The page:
Bernd Leissner, president of Volkswagen Asia Pacific, declined to comment on the reports. But he did confirm that the automaker is straining to keep up with the China market's rapid growth.
"We are running at almost 100 percent of our capacity and are getting close to zero stock," said Leissner in an interview with Automotive News Europe. "This is putting pressure on our manufacturing system."
But Leissner denied that Volkswagen is close to a decision on a new plant. "We need more capacity in China, no doubt about that. But before building a new plant, you have to fully exploit the possibilities of growth in our existing plants."
If Volkswagen builds a third assembly plant, it would not necessarily be close to the plants in Shanghai and Changchun, Leissner noted. The Chinese government is promoting industrial development in rural central China, where wages are lower than in the coastal region.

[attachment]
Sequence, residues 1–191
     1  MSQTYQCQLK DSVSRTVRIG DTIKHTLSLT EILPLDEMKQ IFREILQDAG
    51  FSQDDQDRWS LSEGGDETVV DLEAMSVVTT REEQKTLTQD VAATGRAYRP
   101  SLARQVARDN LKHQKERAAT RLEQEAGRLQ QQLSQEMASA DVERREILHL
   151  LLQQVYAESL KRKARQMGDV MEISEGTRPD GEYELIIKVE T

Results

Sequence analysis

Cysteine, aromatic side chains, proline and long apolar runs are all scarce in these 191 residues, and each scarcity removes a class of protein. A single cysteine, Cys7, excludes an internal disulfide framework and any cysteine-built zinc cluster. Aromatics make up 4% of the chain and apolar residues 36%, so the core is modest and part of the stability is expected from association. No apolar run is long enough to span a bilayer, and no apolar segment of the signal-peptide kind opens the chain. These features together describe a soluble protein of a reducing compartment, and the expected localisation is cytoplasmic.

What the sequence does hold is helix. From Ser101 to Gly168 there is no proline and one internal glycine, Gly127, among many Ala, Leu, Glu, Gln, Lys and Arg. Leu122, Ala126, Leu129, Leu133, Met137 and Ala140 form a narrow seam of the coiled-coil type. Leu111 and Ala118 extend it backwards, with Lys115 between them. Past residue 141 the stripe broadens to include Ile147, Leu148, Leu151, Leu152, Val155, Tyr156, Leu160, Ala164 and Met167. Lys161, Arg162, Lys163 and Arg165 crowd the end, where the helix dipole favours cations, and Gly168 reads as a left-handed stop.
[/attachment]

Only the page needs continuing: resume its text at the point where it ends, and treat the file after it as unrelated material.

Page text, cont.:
"Wages in Shanghai and in Changchun are already higher than in central and eastern Europe," Leissner said.
Volkswagen was the first international automaker to establish a major presence in China.
The automaker's first Chinese assembly plant - Shanghai Volkswagen Automotive - began producing the Santana in 1985.
Last year that plant produced 302,000 cars. The automaker's second assembly plant was First Auto Works Volkswagen, in Changchun. Last year that factory built 208,000 units. This year Volkswagen hopes to increase the combined production capacity of its two joint ventures to 640,000 units.